Joe Wilkinson Is Wasted In This Lukewarm New Comedy


  • The film creatively uses space and is well-shot, but lacks a cohesive and engaging narrative.
  • Blatant sexism and lack of character development make it difficult to invest in the story.
  • Pacing issues and too many plotlines prevent the audience from fully enjoying A Family Affair’s potential humor.

A Family Affair starts strong, indicating that it’s going to be a slapstick comedy subverting the perception of quaint British life. However, what little raunch and quirks there are get lost along the way. In the film, a couple, Edward and Helen, played by Joe Wilkinson and Laura Aikman, face impending doom as their parents descend to spend the weekend amid their hotel going up for auction, since Edward can’t pay the bills. Like most comedies, the conflict and story only matter in their ability to create opportunities for laughs. However, there wasn’t enough comedy to justify the thin narrative.

A Family Affair is a 2024 comedy film directed and written by Warren Fischer. The film revolves around a hotel manager named Edward, who is being threatened by a bank to auction off the property. Edward then has to juggle this with his in-laws visiting for their wedding anniversary.


  • A Family Affair makes creative use of space & is well-shot

  • Edward is never a character we can fully invest in
  • There’s a lot of blatant sexism
  • The film’s story is all over the place

Written and directed by Warren Fischer, the movie is clearly that of a first-time filmmaker, and some of the pitfalls can be chalked up to experience. The shots are precise, and the setting is a beautiful background that successfully juxtaposes the comedic tone of the narrative. Shot all in one location and taking place in one day, A Family Affair makes do with a minimal budget and uses the space creatively. With a runtime of only one hour and 12 minutes, the movie packs in a lot of action without saying much about its characters.

The Idyllic English Countryside Is Made Stressful In A Family Affair

But it’s not exciting enough to capture our attention

The characters with the most to do, and who have the biggest comedic beats are Helen and Edward’s fathers, Walter and Albert, who are coming to terms with their age. Behaving more like teenagers than grown men, they shamelessly chase around a much younger woman and make light of their decades-long marriages. Though this is meant to be seen through the light of how difficult it is to age, and the desperate attempt to remain relevant, their comments aren’t funny, they’re just sexist and sad. Overall, the female characters in the film are treated with disdain across the board.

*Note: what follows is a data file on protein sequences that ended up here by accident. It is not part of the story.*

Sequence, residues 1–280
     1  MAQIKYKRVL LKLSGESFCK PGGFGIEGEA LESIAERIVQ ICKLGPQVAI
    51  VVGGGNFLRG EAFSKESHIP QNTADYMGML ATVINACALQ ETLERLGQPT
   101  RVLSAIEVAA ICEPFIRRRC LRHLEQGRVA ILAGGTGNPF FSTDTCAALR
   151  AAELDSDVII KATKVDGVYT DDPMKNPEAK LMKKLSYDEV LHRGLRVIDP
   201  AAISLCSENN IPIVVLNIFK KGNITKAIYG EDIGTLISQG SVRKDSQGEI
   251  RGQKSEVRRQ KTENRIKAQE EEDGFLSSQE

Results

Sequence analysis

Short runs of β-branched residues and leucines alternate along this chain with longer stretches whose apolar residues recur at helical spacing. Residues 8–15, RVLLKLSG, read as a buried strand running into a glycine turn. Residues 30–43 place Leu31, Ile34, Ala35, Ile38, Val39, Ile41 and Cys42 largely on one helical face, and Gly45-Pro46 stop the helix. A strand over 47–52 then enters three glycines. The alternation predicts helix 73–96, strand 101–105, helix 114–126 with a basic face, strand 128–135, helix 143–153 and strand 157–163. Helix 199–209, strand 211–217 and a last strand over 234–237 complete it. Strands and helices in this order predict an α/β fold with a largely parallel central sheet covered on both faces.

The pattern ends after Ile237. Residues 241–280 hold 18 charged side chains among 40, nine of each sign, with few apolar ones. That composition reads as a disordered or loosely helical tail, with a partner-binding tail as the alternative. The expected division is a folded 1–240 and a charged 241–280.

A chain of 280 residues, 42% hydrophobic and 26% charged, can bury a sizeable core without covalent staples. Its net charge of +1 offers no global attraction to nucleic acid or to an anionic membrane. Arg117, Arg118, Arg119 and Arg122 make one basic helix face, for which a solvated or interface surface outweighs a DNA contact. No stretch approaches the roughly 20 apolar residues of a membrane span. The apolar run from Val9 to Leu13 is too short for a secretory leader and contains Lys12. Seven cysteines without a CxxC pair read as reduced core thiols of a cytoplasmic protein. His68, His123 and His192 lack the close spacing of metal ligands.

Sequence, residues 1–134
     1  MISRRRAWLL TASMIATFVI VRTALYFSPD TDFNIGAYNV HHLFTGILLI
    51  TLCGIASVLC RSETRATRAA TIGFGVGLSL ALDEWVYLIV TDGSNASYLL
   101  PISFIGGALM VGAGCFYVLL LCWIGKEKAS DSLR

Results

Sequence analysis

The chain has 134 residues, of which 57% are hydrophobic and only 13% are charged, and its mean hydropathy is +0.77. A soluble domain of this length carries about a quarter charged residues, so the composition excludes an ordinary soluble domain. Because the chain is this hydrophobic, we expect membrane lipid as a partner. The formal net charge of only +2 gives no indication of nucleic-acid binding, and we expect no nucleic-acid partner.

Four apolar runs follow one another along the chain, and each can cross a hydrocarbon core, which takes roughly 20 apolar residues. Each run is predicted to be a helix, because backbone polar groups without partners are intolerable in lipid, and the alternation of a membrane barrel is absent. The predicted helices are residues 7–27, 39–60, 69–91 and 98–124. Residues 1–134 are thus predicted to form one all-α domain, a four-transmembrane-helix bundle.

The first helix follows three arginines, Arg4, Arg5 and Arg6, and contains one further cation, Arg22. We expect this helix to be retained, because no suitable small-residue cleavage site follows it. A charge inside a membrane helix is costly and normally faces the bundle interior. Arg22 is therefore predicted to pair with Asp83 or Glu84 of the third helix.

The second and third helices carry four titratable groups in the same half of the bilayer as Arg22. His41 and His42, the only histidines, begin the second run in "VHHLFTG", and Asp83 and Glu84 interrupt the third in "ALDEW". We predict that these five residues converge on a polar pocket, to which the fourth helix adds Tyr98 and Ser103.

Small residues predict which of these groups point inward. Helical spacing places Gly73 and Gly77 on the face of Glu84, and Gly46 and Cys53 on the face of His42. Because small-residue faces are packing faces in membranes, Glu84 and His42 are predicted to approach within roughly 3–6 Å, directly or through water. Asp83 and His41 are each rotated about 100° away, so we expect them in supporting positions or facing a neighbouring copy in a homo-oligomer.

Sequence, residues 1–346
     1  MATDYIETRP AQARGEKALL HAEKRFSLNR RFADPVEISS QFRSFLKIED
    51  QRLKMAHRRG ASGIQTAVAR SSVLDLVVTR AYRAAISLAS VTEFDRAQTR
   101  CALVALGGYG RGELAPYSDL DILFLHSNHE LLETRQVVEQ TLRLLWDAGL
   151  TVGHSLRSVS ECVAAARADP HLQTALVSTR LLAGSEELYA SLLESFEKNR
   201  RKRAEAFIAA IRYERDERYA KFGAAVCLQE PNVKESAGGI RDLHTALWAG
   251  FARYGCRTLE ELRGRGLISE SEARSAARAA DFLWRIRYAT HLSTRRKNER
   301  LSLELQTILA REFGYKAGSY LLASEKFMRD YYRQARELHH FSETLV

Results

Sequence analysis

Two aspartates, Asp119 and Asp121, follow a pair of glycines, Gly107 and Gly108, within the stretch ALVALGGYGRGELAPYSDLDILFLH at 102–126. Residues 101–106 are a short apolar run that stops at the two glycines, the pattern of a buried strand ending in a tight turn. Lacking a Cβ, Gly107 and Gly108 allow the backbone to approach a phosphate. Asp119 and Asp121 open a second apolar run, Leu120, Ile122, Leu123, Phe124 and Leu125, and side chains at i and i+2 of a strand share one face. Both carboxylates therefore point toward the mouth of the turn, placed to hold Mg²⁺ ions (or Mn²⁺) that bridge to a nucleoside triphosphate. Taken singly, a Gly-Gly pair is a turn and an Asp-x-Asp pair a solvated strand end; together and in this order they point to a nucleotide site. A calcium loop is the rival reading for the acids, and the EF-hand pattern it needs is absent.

Though Helen takes Edward down a few pegs by the end, almost every woman in the story is reduced to a “nagging wife” or “gold digger.” Even if these characterizations were supposed to be caricatures played for self-aware laughs, this is lost on the audience, as it’s decidedly not funny. The supposed comedic peak of the film, which involves mass drugging and other forms of criminal activity, has moments that could almost make us laugh had there been any build-up to create a satisfying payoff. Character motivations and desires turn on a dime, making them impossible to account for.

This lack of emotion comes across as a lack of effort rather than deadpan humor.

A large part of the issue is that so few actors get to be funny in their roles. Casting Wilkinson as the straight-man is a gross misuse of his talents. It forces him to be the film’s emotional heart, a role he isn’t prepared for. The audience is supposed to feel his pain as he tries to please everyone and hang onto his dream of running a guest house as it crumbles around him. However, even with the impending doom of the bank selling his property and the disapproval of his in-laws, Edward can barely muster a disgruntled expression.

This lack of emotion comes across as a lack of effort rather than deadpan humor. It’s difficult to like Edward, as his constant lying to his wife and family makes it difficult to view him as the story’s hero. A nugget of the story that could have been emotionally compelling, the dynamic between Edward and his father, is barely acknowledged until the last twenty minutes. They have a shared loss they’re both grappling with, but this takes a backseat to irrelevant tangents that again fail to punch up the continual moments of awkwardness and dead air.

For A Movie With So Many Plotlines, Not Much Happens

If A Family Affair had pared down the story, one of them might have gotten enough time

Due to the editing, pacing, and inconsistencies in the script, the threads of A Family Affair that begin to fit together about halfway through the movie’s quick runtime never achieve cohesion. Individually, each aspect of the story is straightforward, but they’re never given individual moments to shine. The edges of every plot point begin to blur before we have time to take them in and understand what’s happening. This is likely an attempt to create an overwhelming atmosphere to match Edward’s lack of control, but it doesn’t feel purposeful.

Family dramedies are a well-known and frequently tread genre, and there is much humor and insightful realizations about life to be found in dysfunction. However, for dysfunction and tension to mean anything, the audience must invest in the characters and A Family Affair never gives us a reason to care. The sparsely populated funny moments don’t make up for the lack of craftsmanship in the story’s journey. Much like Edward’s dreams for the hotel, the movie doesn’t turn out exactly how the audience imagines.

A Family Affair is now available on digital.

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